With these experiments, Dr. Rath redefines heart disease as a vitamin deficiency condition. In this light, lesions are considered the end result of an instability and dysfunction of the blood vessel wall caused by chronic vitamin deficiency that leads to millions of small lesions and cracks in the artery walls. This is especially the case of the coronary arteries because of the constant pumping of the heart.

Once the weakness in the artery walls starts, repair is initiated by cholesterol and other repair factors that are produced in the liver, and transported in the bloodstream to the artery walls. This repair mechanism is an ongoing process that compensates the unavailability of vitamin C in the diet.

The natural reversal of cardiovascular disease 

Dr. Rath has observed that “around the core of the plaque, a local ‘tumor’ forms from muscle cells typical in the artery wall” (1). This muscle cell tumor is another way in which the body stabilizes the vitamin deprived artery wall. The deposit of lipoproteins from the bloodstream and the muscle cell tumor in the artery wall are the most important factors that determine the size of the plaque and thereby the progression of coronary heart disease.

The main idea behind reversing atherosclerosis is to start the healing process in the artery wall that has been weakened by chronic vitamin deficiencies. Besides vitamin C, which stimulates production of collagen molecules, other nutrients that Dr. Rath recommends for optimum collagen production are lysine, proline, vitamin E (to halt the cell overgrowth around plaque), beta-carotene and selenium (for anti-oxidant protection of the artery wall).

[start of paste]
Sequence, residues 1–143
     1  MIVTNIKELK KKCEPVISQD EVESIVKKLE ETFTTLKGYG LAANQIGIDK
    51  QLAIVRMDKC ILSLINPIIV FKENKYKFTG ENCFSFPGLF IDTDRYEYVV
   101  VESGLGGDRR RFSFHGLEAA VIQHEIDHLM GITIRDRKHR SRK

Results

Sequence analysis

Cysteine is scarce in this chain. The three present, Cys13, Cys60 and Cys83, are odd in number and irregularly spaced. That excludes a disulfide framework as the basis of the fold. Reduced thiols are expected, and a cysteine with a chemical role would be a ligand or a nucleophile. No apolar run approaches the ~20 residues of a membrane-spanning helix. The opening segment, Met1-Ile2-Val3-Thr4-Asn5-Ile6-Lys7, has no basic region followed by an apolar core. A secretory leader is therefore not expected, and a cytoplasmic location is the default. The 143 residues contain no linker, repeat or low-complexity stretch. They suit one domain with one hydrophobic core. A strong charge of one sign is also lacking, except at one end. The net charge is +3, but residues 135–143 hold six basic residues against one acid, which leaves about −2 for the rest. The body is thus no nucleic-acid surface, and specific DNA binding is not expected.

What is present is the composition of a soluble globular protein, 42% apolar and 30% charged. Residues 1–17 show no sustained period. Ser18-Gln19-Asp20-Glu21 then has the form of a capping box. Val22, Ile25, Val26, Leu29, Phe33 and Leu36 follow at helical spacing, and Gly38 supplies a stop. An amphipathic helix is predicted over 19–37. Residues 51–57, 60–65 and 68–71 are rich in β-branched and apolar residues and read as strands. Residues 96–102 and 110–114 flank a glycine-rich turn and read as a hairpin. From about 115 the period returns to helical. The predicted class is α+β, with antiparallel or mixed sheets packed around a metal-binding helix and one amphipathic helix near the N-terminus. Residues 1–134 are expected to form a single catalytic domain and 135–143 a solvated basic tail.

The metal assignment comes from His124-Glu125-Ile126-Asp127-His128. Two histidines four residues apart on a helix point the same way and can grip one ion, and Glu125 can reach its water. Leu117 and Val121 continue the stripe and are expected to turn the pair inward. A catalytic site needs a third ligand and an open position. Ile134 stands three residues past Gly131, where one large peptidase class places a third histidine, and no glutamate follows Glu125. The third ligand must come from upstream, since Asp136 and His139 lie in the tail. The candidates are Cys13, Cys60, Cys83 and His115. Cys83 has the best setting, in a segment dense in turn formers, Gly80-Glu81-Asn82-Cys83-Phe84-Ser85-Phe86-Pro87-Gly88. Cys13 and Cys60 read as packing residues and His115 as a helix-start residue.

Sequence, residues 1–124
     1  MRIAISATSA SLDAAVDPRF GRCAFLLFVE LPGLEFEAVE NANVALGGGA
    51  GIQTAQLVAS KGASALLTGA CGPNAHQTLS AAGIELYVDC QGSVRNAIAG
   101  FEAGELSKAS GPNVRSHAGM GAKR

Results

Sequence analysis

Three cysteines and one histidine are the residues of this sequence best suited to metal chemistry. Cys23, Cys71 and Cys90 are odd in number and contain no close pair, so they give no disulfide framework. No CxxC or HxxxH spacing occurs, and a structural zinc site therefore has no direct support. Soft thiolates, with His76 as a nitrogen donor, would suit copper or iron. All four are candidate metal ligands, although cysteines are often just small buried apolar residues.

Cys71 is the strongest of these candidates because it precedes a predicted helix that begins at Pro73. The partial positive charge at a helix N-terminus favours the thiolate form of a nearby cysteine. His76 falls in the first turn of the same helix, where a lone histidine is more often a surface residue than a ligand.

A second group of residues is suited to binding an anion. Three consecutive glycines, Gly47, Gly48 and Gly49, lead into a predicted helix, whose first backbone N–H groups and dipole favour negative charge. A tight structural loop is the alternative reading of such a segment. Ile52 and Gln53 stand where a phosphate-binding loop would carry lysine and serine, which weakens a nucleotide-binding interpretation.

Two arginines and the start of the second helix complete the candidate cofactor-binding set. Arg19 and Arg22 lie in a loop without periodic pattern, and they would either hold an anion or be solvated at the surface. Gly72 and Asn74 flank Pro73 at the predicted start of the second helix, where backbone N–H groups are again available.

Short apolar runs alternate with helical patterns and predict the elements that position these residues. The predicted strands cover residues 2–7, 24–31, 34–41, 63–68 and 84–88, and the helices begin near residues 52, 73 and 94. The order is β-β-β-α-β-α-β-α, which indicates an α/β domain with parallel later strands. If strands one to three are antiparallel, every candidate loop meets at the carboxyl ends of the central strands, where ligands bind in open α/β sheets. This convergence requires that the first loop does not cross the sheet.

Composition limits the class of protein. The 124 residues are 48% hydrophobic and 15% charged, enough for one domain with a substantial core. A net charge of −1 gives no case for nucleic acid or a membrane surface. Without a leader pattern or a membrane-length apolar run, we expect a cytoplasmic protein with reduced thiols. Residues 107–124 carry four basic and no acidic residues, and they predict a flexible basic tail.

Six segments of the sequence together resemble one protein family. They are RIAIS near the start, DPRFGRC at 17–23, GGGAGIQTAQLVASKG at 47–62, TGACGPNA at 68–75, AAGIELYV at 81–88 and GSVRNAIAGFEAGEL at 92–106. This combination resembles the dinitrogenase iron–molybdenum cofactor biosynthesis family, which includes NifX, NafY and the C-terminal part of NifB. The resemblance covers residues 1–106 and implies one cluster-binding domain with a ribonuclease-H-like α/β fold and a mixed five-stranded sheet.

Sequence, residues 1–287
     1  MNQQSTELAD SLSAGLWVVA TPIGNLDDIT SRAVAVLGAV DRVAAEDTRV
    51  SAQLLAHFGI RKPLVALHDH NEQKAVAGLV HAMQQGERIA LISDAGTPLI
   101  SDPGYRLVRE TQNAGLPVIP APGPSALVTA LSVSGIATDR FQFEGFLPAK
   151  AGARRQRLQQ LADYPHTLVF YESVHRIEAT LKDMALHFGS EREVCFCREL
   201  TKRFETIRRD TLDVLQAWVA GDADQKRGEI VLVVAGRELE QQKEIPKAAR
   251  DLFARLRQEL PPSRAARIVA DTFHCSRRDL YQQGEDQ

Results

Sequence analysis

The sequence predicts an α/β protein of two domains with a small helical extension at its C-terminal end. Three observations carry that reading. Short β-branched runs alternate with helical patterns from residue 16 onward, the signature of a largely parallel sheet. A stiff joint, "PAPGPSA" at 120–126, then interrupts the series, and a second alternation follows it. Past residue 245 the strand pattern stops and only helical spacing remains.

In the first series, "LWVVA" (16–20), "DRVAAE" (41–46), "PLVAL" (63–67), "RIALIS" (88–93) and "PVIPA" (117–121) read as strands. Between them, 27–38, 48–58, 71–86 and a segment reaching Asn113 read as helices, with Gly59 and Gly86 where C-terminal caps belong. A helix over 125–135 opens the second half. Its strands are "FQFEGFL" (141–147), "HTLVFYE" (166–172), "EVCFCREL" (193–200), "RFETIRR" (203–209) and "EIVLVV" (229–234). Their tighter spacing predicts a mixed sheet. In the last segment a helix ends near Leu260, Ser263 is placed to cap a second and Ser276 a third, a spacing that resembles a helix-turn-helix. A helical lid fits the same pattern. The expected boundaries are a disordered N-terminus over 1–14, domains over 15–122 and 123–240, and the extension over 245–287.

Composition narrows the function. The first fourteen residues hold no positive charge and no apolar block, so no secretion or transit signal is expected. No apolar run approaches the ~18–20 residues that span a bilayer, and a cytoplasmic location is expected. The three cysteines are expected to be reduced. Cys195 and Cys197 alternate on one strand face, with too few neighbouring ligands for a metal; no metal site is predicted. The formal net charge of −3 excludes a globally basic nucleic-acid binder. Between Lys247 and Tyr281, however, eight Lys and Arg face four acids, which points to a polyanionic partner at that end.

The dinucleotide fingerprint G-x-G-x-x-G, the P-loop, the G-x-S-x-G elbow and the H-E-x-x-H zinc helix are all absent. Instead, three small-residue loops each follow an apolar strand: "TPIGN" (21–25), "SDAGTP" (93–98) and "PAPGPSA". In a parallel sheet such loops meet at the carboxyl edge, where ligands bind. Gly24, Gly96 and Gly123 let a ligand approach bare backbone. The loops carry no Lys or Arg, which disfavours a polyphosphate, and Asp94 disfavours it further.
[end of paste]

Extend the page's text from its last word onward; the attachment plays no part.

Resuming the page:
Dr. Rath explains that for a protocol to work it has to support optimum collagen production. “The collagen molecules in our bodies are proteins composed of amino acids. Collagen molecules differ from all other proteins in the body in that they make particular use of the amino acids lysine and proline”. Thus, together with vitamin C the arteries need proline, and lysine for the optimum regeneration of the connective tissue in the artery walls, and therefore the natural healing of cardiovascular disease.

With an optimum supply of essential nutrients the smooth muscle cells of artery wall produce sufficient amounts of functional collagen guaranteeing optimum stability of the wall. On the contrary, vitamin deficiency leads to the production of faulty and dysfunctional collagen molecules by the arterial muscle cells. These muscle cells multiply to form an atherosclerotic tumor. Vitamin C and E can inhibit the growth of this atherosclerotic tumor.